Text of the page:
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THE AMERICA THAT KILLED GEORGE FLOYD

In a new biography of the man whose murder sparked massive protests, two reporters tell a longer story of institutional racism.

In the late ’90s, not long after I left Cameroon to attend college in the United States, I learned of a word used in certain African-immigrant communities to refer to African Americans: Akata.

It was not uttered with affection; far from it—Akata means “wild animal,” and thus has much in common with the N-word. In my early days here, it wasn’t unusual for me to see a fellow African look at an African American and say, with a sneer, “Look at that Akata,” or “I just don’t understand these Akatas.”

Days after George Floyd was killed, I attended a Zoom memorial of sorts, organized by Africans for Africans, so we could mourn his death together and think of how we, as a community, could better treat our American brethren.

The ludicrousness of this was not lost on me—that it would take so long, take a tragedy of this public magnitude, for us to see what America had been doing to our brothers and sisters; that it would take a graphic video for both immigrants and citizens of America to comprehend what they’d wrought in fostering an environment in which African Americans are so often treated like animals.

Early on in His Name Is George Floyd, Robert Samuels and Toluse Olorunnipa make mention of the fact that George Floyd wanted to change the world. “As long as anyone can remember,” they write, he “wanted the world to know his name.” It is hard to read this sentence and not feel a twinge of sadness, considering that the world did not come to know his name in the way he’d imagined. It’s unlikely that Floyd ever dreamed he would one day cause an entire nation—nay, the entire planet—to reckon with its centuries-long destruction of Black bodies.

As Samuels and Olorunnipa tell it, Floyd’s aspirations were quite ordinary—he wanted, among other things, to be an athlete and achieve fame and fortune, but American racism stood in his way, and Floyd stood in his own way, largely as a reaction to American racism standing in his way. This mélange created an unsustainable situation that was all but bound to explode.

Samuels and Olorunnipa deserve every praise for presenting Floyd as the complex character that he was—what human isn’t? Both writers are Black men and could easily have diluted portions of the book that show Floyd’s many shortcomings and poor decision making, but they resisted the urge. The result is an expertly researched and excellent biography, a necessary and enlightening read for all, especially those who, like my fellow African immigrants in the ’90s, have ever looked upon young Black men in the inner city with disdain.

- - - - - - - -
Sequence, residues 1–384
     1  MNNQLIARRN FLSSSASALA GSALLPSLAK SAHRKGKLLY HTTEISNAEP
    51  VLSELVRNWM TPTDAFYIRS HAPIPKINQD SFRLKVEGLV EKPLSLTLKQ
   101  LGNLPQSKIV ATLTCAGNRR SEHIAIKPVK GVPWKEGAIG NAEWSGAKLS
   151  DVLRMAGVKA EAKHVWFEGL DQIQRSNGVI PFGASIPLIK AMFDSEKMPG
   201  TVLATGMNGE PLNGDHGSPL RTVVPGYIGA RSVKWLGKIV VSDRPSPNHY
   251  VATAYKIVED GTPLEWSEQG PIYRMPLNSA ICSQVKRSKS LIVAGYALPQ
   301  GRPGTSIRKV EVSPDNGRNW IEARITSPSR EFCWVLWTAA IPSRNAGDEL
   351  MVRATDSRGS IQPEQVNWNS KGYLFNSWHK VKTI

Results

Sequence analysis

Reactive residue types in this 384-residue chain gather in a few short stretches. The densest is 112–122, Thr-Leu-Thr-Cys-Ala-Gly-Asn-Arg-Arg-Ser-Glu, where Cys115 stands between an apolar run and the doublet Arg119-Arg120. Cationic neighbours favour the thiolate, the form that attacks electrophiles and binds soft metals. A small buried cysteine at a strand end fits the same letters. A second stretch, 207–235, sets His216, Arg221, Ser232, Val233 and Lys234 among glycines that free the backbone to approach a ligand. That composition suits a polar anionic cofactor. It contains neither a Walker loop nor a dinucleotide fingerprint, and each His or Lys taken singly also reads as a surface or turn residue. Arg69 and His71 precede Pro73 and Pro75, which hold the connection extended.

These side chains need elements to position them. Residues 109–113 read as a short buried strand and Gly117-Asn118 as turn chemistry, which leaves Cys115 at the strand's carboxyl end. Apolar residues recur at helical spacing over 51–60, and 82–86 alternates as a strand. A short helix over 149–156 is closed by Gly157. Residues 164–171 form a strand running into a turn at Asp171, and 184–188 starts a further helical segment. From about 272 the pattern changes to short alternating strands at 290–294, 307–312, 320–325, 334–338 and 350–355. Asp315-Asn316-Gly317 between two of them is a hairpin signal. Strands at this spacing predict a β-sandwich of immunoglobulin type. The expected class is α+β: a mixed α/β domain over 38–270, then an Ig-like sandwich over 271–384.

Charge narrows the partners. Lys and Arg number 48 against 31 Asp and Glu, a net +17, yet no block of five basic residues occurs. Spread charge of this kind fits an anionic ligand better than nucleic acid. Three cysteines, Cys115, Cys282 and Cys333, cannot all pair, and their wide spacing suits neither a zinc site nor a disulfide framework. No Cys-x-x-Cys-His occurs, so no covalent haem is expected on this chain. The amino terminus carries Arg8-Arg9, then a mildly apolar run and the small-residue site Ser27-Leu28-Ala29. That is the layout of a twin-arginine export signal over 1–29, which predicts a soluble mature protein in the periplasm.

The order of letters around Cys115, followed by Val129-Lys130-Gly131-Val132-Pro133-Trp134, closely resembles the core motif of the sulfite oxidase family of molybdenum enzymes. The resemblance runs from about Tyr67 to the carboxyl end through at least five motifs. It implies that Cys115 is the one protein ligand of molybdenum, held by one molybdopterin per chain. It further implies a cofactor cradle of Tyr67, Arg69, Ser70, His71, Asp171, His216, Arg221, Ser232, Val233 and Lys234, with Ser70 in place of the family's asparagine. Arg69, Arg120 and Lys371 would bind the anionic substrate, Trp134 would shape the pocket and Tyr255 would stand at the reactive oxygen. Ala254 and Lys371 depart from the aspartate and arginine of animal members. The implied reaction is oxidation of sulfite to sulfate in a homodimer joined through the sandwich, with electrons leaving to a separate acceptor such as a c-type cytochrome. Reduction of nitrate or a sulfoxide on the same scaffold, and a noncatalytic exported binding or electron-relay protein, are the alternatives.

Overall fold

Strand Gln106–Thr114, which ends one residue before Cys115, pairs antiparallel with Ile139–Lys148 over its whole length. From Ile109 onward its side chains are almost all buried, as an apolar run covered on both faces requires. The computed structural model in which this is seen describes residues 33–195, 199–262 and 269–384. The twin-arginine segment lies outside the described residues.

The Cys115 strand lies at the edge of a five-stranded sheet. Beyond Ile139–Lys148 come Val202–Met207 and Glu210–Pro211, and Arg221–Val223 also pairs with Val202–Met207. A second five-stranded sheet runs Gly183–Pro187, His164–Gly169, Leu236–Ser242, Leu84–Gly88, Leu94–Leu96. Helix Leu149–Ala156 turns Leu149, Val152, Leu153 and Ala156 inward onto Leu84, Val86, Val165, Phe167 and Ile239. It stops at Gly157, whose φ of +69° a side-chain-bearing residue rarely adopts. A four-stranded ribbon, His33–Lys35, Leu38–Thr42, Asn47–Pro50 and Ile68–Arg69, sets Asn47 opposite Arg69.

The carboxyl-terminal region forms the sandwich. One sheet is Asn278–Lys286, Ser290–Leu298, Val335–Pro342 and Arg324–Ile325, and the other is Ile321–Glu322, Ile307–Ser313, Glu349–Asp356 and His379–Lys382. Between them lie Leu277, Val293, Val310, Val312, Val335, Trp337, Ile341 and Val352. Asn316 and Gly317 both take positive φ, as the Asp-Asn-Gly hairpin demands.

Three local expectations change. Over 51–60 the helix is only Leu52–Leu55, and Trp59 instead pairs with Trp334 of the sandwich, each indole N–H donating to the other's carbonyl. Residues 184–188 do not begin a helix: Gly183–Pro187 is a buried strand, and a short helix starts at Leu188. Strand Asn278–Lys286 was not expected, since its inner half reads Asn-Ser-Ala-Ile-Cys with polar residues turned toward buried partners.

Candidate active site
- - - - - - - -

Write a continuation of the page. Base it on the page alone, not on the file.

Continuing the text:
If america were a more perfect union, George Floyd might have been born into a wealthy family thanks to his industrious great-great-grandfather, a former enslaved person who “after more than thirty years of working as a free man … had managed to amass five hundred acres of his own farmland” in a period when, at one point, “less than 2 percent of White farmers in North Carolina held more than five hundred acres of land.”

But America then, and now, is not a place where white people are overly comfortable with Black success, so white men had Floyd’s ancestor dealt with, eventually dispossessing him of all those acres and ensuring that later generations would not get a sniff at the American dream. And so it would be.

By the time George Floyd was born in October 1973, every generation since his ancestral land was stolen had known only failed dreams. He spent his early days living with his family in a trailer park in North Carolina as his parents nursed the pains of their futile attempts to escape poverty.

Their marriage ended when Floyd was still a boy, and his mother moved, along with her children, to Houston, where they ultimately settled in a housing project “with a population that was 99 percent Black and most residents living well below the poverty line.”

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